What seems like a relatively minor story has taken the world by storm. I first wrote about the story on Monday, whereby a Korean Air executive turned around a New York to Seoul flight after she was served macadamia nuts in a plastic bag.
After much outrage — in particular in South Korea — she resigned from her position as head of inflight service, though kept her job title as vice president. A day later she resigned from all her duties at Korean Air.
There’s no doubt this story is “nuts,” though I think there’s more merit to both sides than people are giving credit for.
Why she wasn’t completely unjustified in her nutty outrage
A lot of people are saying “how dare she be outraged over being served nuts in a bag instead of on a plate. She was flying as a passenger and should have shut up.”
I actually think her attention to detail was warranted. Keep in mind she was the senior vice president of onboard service. Like, ensuring service is “by the book” is her job. And clearly “the book” wasn’t being followed in this case. To those that disagree, where should the line be drawn? What if the flight attendants read magazines the whole flight instead of serving passengers?
Also keep in mind that apparently the plane wasn’t returning to the gate because she was served nuts in a plastic bag. Apparently after she was served nuts in a plastic bag she called over the cabin service manager to quiz him over some procedures, and he froze/panicked and couldn’t even unlock his iPad with the manual on it.
Let me be clear — in my opinion this doesn’t in any way justify her actions. There’s a better way to handle situations like these, one which doesn’t humiliate your crew and inconvenience your passengers. I think she was completely unjustified in how she responded.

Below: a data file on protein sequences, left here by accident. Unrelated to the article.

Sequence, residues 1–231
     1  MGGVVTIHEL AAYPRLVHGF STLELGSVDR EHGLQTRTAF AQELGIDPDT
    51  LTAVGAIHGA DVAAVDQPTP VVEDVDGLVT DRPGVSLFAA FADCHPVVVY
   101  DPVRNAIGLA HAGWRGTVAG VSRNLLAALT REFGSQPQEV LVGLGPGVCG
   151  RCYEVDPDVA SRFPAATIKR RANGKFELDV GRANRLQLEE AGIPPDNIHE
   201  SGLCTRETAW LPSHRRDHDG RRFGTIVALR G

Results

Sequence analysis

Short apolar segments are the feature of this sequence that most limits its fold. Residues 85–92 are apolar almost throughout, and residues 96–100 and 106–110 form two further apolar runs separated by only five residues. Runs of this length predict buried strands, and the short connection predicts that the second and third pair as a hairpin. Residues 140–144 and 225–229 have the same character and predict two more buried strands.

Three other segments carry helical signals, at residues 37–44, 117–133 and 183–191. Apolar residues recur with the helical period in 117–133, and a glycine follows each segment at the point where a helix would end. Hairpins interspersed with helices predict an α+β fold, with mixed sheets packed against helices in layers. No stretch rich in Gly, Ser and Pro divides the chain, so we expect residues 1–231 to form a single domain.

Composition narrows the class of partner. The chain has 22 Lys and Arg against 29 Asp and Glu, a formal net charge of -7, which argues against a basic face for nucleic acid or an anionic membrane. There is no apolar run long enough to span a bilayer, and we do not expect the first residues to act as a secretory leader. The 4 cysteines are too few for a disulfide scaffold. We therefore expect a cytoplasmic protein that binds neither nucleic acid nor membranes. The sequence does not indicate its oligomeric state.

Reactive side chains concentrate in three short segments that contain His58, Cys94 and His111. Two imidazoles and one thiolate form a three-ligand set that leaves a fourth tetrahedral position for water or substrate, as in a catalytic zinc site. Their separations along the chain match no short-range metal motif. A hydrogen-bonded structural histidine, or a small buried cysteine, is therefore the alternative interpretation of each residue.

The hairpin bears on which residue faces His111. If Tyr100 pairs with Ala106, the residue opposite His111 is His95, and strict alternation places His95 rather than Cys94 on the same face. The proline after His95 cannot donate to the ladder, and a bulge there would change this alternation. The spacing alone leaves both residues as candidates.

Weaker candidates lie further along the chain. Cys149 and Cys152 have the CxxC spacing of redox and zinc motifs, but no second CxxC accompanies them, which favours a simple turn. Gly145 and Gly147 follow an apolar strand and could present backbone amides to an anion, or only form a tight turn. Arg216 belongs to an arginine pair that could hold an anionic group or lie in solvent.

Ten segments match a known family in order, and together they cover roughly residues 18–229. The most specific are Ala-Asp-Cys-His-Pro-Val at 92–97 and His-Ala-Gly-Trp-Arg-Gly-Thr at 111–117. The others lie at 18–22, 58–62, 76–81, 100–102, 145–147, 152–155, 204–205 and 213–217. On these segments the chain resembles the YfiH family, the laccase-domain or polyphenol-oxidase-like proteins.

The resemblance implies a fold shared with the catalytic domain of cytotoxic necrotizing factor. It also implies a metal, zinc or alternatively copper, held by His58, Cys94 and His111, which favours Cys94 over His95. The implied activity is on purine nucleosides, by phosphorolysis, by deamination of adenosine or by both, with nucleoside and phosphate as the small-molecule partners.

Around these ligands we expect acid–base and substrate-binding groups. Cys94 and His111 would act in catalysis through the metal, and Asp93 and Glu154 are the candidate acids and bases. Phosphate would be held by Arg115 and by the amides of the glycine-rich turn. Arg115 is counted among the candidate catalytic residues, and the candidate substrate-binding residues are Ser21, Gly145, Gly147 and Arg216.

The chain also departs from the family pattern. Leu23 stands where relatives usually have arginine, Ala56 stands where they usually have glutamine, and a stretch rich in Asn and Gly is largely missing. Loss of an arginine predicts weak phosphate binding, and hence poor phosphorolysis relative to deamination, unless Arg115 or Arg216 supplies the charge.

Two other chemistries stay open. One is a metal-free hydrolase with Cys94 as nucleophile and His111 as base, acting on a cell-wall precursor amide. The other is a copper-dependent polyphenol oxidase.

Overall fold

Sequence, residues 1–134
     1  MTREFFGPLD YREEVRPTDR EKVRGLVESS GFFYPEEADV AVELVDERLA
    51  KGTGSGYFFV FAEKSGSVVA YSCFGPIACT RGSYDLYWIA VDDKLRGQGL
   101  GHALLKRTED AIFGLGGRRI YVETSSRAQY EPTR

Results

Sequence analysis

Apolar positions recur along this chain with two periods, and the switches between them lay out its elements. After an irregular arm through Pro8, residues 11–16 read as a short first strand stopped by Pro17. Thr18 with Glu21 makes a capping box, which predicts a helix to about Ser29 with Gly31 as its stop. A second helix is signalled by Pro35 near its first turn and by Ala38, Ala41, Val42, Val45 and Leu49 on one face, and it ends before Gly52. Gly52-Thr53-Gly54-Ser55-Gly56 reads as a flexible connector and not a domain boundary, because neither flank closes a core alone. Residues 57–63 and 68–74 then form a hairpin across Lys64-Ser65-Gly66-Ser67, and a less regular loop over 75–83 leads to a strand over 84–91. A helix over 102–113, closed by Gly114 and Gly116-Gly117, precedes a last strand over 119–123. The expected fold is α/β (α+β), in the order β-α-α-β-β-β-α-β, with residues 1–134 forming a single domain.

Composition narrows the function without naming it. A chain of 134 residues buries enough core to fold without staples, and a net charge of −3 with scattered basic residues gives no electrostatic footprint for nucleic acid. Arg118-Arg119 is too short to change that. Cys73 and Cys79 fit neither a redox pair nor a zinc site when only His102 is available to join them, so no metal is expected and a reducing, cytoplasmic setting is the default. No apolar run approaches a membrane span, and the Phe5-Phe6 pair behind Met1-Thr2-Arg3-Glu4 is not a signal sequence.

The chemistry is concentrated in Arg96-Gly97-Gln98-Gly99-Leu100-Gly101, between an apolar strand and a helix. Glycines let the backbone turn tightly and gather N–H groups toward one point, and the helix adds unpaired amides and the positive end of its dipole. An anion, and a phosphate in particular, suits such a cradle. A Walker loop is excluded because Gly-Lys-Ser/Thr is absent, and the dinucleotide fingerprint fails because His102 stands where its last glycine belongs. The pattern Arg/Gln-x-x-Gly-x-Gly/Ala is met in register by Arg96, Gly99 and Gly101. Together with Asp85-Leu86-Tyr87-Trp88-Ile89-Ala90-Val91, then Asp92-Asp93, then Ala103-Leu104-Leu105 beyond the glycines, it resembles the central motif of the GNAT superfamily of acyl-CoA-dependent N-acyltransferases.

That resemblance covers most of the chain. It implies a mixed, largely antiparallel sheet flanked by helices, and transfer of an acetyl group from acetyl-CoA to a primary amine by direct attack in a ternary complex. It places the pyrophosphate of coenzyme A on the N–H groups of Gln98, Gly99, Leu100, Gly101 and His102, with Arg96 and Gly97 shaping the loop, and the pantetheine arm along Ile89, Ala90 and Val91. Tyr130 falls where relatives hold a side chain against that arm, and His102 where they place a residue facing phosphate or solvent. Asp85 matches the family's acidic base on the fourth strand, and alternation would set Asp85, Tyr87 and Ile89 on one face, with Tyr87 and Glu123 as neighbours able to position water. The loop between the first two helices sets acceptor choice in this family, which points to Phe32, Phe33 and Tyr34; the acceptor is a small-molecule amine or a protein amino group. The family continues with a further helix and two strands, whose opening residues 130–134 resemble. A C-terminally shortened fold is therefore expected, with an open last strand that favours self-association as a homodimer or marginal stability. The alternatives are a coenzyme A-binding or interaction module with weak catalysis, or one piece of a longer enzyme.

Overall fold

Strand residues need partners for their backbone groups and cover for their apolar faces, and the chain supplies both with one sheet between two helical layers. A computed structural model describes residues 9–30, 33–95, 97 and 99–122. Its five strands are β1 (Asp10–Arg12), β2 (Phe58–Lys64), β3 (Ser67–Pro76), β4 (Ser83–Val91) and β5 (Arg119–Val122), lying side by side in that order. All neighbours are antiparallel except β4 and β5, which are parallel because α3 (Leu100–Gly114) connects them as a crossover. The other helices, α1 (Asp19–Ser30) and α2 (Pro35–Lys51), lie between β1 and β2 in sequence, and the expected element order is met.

But this story isn’t quite as straightforward as “she was served nuts in a plastic bag and demanded the plane return to the gate.”
Why this caused so much outrage in South Korea
If you think this story blew up in the US, apparently it blew up 10x as much in South Korea. SFGATE has some more context as to why this struck such a chord with the South Korean middle class:
Cho, 40, who is also known as Heather Cho, is married to a prominent plastic surgeon who performed his nips and tucks in Gangnam, a tony district of Seoul famous for its plastic surgery clinics and hip shops.
In 2013, she gave birth to twin boys in Hawaii, entitling them to U.S. citizenship. Korean Air had sent Cho to work in the U.S. two months before her expected delivery date. But within South Korea there was anger that U.S. citizenship meant her sons would be able to avoid South Korea’s two years of compulsory military service for able-bodied males.
Cho’s brother, Won-tae, 38, was investigated by police in 2005 for pushing an elderly woman who confronted him about his reckless driving, the Yonhap news agency reported.
The family patriarch, Cho Yang-ho, 65, was convicted of tax evasion in 2000, facing charges with his father and brother. The Chos were charged with receiving millions in rebates when they purchased airplanes from Boeing and Airbus and evading taxes on the money.
The criticism is particularly directed at the newest generation, which is inheriting the business empires founded by their fathers and grandfathers.
The entire SFGATE article is pretty insightful, so I’d recommend checking it out.
We have plenty of heiresses in the US, though usually they’re smart enough to just be trust fund babies/reality TV stars as opposed to actually taking job titles at their parents’ companies… usually.
The above doesn’t actually change what the outcome should have been, in my opinion. That being said, I do think there was more to both sides than the surface of the story suggested.
(Tip of the hat to Jack)